A note and a few thoughts about digital photographs* and “manipulation”:
To cover a question I get asked time and time again:

None of the photographs on this site have been "manipulated" [or, perhaps a better term would be “edited”] in a way other than what film photographers have been doing for years. Film photographers, through their choices of various cameras and lenses that they used, the brands and types of film & photographic paper (for differing exposures, sensitivities, and grains, and for printing various contrasts, saturations, and color emphasis), the use of filters (on camera and in the darkroom), their processing techniques (including burning and dodging to get differing exposures right in various parts of a photograph) and chemicals, "pushing" exposures, compositing shots with differing focus or focal lengths for effects (such as combining a wide angle with a long lens to give a closer feel to parts of the image while maintaining a wide perspective) and all the many, many other techniques that go clear back to the very first photographic plate ever exposed, have been “manipulating” their photographs. It just took them more time, effort and money. Doing so digitally is not only in the same spirit, but often produces better results far more easily for those skilled at doing so, and is also less far expensive in the long run.

NOTE: Those of you who are not prepared for a soapbox monologue for the rest of this page had best move on... there's nothing more to see here. I've summed it up in that first paragraph. No need to hang around... Move along, please. Ma'am, please take your baby and clear the area... You, sir, in the back, please move right along... Thank you for your cooperation.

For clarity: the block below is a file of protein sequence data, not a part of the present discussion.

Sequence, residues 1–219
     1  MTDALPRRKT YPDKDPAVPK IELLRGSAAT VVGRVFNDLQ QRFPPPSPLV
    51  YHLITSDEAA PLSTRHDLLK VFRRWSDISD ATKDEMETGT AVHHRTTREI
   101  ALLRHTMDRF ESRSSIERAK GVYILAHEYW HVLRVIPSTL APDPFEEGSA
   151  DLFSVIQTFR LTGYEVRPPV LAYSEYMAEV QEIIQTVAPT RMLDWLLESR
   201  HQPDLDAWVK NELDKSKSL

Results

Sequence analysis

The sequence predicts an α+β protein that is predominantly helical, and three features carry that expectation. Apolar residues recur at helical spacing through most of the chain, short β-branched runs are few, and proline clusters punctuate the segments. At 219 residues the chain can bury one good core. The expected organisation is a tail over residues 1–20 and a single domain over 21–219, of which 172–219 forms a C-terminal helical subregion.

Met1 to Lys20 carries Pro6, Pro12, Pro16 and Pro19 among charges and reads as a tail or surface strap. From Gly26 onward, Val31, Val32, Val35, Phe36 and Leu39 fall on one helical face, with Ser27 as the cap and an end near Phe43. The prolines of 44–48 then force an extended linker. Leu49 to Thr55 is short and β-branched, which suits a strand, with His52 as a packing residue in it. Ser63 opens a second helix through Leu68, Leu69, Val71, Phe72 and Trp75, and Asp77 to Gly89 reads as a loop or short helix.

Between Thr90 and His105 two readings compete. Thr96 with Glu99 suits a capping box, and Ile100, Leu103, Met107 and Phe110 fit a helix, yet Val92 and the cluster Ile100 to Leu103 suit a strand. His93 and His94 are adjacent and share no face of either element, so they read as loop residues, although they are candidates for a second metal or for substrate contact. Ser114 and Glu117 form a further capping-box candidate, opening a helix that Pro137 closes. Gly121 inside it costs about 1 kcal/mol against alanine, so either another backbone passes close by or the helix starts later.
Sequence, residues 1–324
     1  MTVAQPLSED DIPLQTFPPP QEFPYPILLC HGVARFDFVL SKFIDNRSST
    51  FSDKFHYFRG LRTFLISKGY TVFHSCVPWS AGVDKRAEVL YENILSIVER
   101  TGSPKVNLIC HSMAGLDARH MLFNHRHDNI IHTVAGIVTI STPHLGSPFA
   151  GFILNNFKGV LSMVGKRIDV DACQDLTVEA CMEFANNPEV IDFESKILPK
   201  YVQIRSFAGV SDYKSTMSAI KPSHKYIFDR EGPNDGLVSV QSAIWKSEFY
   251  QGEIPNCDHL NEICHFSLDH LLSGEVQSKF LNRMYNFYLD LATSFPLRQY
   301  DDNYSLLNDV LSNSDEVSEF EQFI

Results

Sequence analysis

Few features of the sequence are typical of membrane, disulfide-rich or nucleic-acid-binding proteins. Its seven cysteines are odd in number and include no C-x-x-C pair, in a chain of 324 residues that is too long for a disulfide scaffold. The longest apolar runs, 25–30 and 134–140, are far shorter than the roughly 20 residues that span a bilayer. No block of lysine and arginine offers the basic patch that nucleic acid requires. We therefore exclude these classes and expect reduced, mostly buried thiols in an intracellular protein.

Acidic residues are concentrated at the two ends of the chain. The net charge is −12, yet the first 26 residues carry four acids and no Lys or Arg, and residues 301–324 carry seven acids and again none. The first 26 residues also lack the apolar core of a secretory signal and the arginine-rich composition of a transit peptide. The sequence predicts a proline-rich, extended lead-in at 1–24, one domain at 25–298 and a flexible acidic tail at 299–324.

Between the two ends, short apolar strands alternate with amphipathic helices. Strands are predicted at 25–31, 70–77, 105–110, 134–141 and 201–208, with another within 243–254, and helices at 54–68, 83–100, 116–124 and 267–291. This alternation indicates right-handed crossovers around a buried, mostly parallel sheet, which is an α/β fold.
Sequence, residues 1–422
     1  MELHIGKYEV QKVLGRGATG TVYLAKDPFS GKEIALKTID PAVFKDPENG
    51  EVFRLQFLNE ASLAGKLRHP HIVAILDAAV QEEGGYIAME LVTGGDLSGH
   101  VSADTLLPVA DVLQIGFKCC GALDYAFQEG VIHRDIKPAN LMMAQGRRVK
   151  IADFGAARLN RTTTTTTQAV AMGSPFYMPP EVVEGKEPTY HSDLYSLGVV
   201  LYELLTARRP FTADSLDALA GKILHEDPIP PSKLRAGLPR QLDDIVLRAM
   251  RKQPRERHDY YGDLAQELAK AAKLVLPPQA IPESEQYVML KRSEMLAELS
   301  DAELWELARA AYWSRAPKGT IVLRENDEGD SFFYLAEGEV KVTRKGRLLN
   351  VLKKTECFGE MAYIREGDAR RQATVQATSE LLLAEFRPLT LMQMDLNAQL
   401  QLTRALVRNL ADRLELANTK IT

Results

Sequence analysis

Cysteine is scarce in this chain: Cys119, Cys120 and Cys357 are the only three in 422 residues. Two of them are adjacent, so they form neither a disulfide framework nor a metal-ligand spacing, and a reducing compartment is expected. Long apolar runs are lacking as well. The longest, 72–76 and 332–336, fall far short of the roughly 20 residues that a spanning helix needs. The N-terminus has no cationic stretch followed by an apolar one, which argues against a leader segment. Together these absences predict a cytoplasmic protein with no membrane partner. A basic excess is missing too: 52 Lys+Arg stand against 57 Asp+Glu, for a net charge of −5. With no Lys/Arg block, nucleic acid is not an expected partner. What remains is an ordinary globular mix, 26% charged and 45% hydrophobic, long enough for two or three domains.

Ahem... now, to continue, after I was so rudely interrupted....

Moon over Hernandez
The great Ansel Adams, being one of the few at the time who shared his techniques openly with others, even wrote entire books publishing the extensive manipulative processes ("Zone" processing among them) that he used to create his breathtaking and memorable classic photographs, and no one at the time questioned his doing so (although many wished that they had thought of or could duplicate his ingenious solutions to the challenges which confronted him). “Moonrise over Hernandez”, to the right, is one of his most beloved photographs around the world - and also one of his most heavily “manipulated”, according to his own descriptions of the process. Having only one shot of this (he never had the chance to take a second shot, the light failing him within seconds of this first shot, while he was still trying to get his camera reloaded), he had to pull out all his tricks to get this image. Did anyone care about all those tricks he performed, or did they just enjoy the image?

While I would never equate myself, nor even class myself, with them, it is my complete belief that Ansel Adams and the other greats of his era and before would wholeheartedly embrace the tools available at present, just as so many others, myself included, have done - they just didn't have them available to use, and they did use what they had to the uttermost limits of the technology available to them at that time. So ask yourself: why would they be any less willing to do so now? After all, it was the final emotion evoked from the photograph that was important to them, not the process that they used to get to that finished state.

Now along comes the digital revolution, and Photoshop